The aim of this study was to compare the efficacy of lamivudine vs entecavir in the prevention of hepatitis B virus (HBV) reactivation in HBV surface Ag (HBsAg)-positive patients undergoing allogeneic hematopoietic stem cell transplantation (allo-HSCT). A total of 216 consecutive patients were enrolled and retrospectively reviewed. Of these patients, 119 received lamivudine and 97 received entecavir. The median treatment duration to complete virological response in patients with baseline HBV-DNA levels >10(5) copies/mL was 2.0 months in the entecavir group, significantly shorter than that of the lamivudine group. After a median follow-up of 24 months post transplantation, the cumulative incidence rates of HBV reactivation at 6, 12 and 24 months following transplantation were 3.0%, 7.0% and 24.0% in the lamivudine group, and 0%, 0% and 2.0% in the entecavir group, respectively. In addition, entecavir treatment was associated with lower cumulative incidence rates of severe hepatitis caused by HBV reactivation. Mutations leading to drug resistance were detected in 25 patients in the lamivudine group and in only one patient in the entecavir group. Our data indicate that compared with lamivudine, entecavir has more potent antiviral efficacy and may be a better choice for prophylaxis of HBV reactivation in HBsAg-positive allo-HSCT recipients.

  1. [Adherence to entecavir for chronic hepatitis B and correlation with effectiveness].

    PubMed

    Romero Díaz-Maroto, Vanessa; Sánchez Cuervo, Marina; Rodríguez Sagrado, Miguel Ángel; Bermejo Vicedo, Teresa

    2015-11-01

    Objetivo: evaluar la adherencia de pacientes con hepatitis B cronica que inician tratamiento con entecavir como primera linea, y relacionarla con la efectividad. Métodos: estudio observacional retrospectivo realizado entre enero de 2007 y junio de 2013. Se incluyeron pacientes tratados con entecavir al menos durante un ano. Se considero un paciente adherente si la adherencia media era ≥ 95%. Se evaluo la respuesta virologica (ADN VHB < 20UI/ml mediante la reaccion en cadena de la polimerasa), bioquimica (normalizacion de alanina aminotranferasa [AAT]) y serologica (perdida del antigeno de superficie [HBsAg]) a los 12 meses. Resultados: se incluyeron 85 pacientes. La adherencia media fue 94,2 (DE 12,8)%. El 85,7% de los pacientes adherentes lograron respuesta virologica vs. el 71,4% de los de no adherentes (OR:2,40; IC95%:0,60–9,54; p=0,19). El 87,9% de los pacientes adherentes y el 85,7% de los no adherentes normalizaron niveles de AAT (OR:1,21; IC95%:0,22- 6,60; p=0,56). Solo dos pacientes adherentes mostraron perdida del HBsAg. Conclusión: la adherencia media no es alta. Los pacientes sin adherencia presentan una mayor tendencia al fracaso virologico, por lo que es necesario fomentar una mejora en la adherencia a los tratamientos.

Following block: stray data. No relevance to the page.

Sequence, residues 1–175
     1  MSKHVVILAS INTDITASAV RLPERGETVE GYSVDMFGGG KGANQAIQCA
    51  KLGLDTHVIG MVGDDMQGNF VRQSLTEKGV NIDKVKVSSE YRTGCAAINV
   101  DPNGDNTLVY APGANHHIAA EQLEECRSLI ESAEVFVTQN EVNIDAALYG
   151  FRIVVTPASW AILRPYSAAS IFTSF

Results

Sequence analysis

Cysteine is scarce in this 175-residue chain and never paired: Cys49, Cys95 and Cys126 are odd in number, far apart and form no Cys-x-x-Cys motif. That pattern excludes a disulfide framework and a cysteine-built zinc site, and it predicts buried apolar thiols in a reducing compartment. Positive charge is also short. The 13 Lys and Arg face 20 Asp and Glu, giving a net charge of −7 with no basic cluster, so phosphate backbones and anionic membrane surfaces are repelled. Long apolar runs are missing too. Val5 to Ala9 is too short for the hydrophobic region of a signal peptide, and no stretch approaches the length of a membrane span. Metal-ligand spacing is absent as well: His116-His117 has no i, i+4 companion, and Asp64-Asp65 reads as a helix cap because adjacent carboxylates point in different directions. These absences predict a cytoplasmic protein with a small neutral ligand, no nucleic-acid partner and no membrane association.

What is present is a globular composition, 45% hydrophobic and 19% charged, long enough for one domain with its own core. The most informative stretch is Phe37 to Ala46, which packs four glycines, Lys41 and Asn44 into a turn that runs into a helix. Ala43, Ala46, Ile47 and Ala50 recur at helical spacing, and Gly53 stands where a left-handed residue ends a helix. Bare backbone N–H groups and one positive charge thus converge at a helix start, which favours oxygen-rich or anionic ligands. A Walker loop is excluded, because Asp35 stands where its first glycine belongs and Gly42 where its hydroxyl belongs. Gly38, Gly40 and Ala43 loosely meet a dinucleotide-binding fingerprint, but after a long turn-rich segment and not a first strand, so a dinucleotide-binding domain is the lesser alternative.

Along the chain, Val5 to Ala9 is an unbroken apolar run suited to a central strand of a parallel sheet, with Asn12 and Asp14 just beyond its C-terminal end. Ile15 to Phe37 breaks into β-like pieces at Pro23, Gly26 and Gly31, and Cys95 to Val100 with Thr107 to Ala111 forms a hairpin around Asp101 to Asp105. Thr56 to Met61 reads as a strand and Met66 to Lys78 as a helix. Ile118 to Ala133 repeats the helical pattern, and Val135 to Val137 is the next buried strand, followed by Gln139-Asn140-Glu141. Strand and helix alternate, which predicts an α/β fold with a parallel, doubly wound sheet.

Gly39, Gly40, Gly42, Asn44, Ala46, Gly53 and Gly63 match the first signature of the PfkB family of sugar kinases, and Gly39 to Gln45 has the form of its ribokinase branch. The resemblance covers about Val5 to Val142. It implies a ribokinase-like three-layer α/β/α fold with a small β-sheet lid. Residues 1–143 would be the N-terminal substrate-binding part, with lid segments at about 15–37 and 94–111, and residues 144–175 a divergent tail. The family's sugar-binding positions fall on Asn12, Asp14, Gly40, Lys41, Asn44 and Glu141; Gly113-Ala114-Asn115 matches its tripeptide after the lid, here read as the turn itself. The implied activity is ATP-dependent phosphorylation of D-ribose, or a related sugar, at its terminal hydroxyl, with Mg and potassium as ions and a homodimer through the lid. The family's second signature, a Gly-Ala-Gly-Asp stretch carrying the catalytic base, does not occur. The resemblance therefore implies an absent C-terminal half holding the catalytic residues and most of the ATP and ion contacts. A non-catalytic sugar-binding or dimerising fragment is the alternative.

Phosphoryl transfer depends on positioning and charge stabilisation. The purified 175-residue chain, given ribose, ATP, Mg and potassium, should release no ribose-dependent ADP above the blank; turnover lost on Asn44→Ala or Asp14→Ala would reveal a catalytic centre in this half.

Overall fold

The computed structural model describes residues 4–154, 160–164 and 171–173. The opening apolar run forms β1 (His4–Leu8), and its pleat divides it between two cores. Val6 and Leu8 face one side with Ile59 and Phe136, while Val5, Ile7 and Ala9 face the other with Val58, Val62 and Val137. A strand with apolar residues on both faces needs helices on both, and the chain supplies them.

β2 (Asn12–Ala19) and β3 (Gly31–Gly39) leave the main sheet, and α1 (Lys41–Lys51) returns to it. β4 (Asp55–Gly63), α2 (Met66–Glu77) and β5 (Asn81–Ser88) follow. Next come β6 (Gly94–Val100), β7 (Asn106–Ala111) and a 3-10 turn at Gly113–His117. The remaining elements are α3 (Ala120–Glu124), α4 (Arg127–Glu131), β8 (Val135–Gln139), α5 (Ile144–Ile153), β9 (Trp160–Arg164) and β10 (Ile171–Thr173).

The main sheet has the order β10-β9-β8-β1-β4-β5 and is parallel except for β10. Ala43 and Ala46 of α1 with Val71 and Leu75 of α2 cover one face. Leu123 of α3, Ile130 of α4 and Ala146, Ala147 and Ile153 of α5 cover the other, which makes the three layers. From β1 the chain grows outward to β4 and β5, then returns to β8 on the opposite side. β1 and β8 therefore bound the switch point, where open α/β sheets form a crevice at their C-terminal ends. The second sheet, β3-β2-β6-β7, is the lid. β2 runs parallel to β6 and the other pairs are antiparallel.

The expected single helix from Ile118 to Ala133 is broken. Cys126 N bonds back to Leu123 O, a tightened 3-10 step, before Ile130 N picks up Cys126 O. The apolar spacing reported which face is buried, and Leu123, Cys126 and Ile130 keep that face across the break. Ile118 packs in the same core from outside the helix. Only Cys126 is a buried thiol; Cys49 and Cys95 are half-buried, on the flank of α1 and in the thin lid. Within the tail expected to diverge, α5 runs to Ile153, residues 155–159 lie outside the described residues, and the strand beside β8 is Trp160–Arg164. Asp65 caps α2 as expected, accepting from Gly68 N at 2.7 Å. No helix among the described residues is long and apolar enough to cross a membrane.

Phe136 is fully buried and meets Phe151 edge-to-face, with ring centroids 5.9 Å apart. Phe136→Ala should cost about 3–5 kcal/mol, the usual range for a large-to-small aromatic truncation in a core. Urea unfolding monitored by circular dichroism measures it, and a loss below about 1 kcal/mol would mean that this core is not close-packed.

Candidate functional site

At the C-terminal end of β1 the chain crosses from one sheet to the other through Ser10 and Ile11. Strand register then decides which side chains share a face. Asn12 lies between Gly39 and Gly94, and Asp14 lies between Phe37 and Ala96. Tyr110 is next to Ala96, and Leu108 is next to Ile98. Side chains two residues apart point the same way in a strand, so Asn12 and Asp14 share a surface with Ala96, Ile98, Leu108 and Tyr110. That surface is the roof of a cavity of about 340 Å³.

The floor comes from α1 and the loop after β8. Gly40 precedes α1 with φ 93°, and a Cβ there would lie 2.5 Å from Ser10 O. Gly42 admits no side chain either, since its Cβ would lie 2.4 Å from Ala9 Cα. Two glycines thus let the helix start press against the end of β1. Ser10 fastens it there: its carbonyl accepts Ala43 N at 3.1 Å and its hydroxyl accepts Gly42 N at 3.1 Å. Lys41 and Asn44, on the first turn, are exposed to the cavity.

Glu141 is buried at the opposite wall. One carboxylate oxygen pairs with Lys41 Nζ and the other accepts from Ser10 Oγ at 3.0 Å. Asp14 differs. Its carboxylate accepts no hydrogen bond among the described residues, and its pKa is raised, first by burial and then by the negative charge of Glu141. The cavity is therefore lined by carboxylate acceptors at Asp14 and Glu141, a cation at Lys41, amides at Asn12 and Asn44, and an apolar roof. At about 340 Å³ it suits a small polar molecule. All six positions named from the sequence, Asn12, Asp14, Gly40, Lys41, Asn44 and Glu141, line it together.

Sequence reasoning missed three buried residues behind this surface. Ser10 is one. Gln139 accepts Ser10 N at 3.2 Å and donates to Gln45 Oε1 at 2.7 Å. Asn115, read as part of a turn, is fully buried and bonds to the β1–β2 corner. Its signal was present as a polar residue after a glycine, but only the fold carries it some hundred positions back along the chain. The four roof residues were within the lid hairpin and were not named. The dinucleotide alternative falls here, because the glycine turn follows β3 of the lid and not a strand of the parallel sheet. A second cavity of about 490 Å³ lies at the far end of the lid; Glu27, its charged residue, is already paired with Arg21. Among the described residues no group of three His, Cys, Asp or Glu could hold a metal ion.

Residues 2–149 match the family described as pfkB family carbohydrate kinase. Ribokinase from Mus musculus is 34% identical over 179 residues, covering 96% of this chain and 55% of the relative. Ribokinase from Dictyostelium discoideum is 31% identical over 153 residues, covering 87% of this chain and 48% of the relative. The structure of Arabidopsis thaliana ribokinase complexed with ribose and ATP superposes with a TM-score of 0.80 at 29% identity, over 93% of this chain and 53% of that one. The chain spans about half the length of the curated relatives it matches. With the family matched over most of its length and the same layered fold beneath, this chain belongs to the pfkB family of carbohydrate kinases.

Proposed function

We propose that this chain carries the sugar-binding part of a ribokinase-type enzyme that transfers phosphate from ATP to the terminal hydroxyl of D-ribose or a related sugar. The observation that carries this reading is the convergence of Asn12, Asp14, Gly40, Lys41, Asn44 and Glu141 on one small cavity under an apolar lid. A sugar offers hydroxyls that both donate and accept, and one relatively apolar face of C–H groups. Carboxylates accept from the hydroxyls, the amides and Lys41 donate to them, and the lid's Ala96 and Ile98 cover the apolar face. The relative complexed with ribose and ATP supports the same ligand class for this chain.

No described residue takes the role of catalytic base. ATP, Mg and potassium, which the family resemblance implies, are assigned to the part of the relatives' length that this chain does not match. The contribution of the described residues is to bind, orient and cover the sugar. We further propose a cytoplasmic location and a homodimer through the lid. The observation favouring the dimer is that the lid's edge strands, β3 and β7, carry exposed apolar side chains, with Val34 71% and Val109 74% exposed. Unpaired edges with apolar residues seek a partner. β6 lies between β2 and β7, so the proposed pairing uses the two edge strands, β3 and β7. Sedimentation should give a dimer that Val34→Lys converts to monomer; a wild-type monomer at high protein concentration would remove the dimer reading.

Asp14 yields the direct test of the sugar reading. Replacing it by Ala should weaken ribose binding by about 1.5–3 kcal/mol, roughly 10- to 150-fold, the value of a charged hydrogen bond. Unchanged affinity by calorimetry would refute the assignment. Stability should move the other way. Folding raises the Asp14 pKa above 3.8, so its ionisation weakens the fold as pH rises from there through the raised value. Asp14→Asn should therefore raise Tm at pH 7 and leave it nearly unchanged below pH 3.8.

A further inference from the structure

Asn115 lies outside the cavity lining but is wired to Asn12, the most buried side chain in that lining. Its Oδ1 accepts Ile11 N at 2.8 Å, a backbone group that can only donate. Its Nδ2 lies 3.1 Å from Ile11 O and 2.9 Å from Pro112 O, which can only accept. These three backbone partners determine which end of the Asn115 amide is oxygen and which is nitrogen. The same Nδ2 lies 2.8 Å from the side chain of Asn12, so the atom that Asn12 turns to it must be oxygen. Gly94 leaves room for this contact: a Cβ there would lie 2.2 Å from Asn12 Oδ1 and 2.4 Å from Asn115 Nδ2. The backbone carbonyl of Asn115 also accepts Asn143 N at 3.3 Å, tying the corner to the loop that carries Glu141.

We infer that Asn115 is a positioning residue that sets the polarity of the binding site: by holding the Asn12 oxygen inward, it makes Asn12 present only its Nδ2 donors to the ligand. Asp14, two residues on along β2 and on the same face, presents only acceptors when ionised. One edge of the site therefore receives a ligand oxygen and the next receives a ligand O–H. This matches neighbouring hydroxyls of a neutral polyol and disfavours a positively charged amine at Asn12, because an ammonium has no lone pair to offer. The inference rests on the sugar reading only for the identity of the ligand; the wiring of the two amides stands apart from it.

2. Combination of lamivudine and adefovir without hepatitis B immune globulin is safe and effective prophylaxis against hepatitis B virus recurrence in hepatitis B surface antigen-positive liver transplant candidates.

    PubMed

    Gane, Edward J; Patterson, Scott; Strasser, Simone I; McCaughan, Geoffrey W; Angus, Peter W

    2013-03-01

    Without effective prophylaxis, liver transplantation for hepatitis B virus (HBV)-related liver disease is frequently complicated by severe and rapidly progressive HBV recurrence. Combination prophylaxis with hepatitis B immune globulin (HBIG) and lamivudine (LAM) reduces long-term recurrence rates below 10%; however, HBIG is costly and inconvenient to administer. We, therefore, conducted a multicenter, prospective study of outcomes with an HBIG-sparing regimen of LAM plus adefovir dipivoxil (ADV) initiated at the time of listing for liver transplantation and continued after transplantation. Twenty-six patients were recruited into this study at the time of listing for transplantation, and 20 subsequently underwent transplantation. Twelve of the 26 patients had LAM exposure before the study baseline, but none had LAM resistance. The median HBV viral load before the institution of antiviral therapy was approximately 4.0 log(10) IU/mL (range=2.3-7.5 log(10) IU/mL). To the 20 patients who underwent transplantation, 800 IU of intramuscular HBIG was given immediately after transplantation and daily for 7 days only (total HBIG dose=6400 IU). All transplant patients remained alive without HBV recurrence (they were negative for hepatitis B surface antigen, and HBV DNA was undetectable) after a median follow-up of 57 months after transplantation (range=27-83 months). The median serum creatinine level in these patients rose from 81 to 119 μmol/L over the course of the study. No patient required dose reduction or cessation. After the completion of this prospective study, the regimen was modified so that no perioperative HBIG was administered if the pretransplant serum HBV DNA level was suppressed below 3 log(10) IU/mL. Another 28 patients with HBV-related liver disease underwent transplantation (18 without HBIG). All remained alive and well without HBV recurrence after a median follow-up of 22 months after transplantation (range=10-58 months). In conclusion, a combination of

  3. Lamivudine/Adefovir Treatment Increases the Rate of Spontaneous Mutation of Hepatitis B Virus in Patients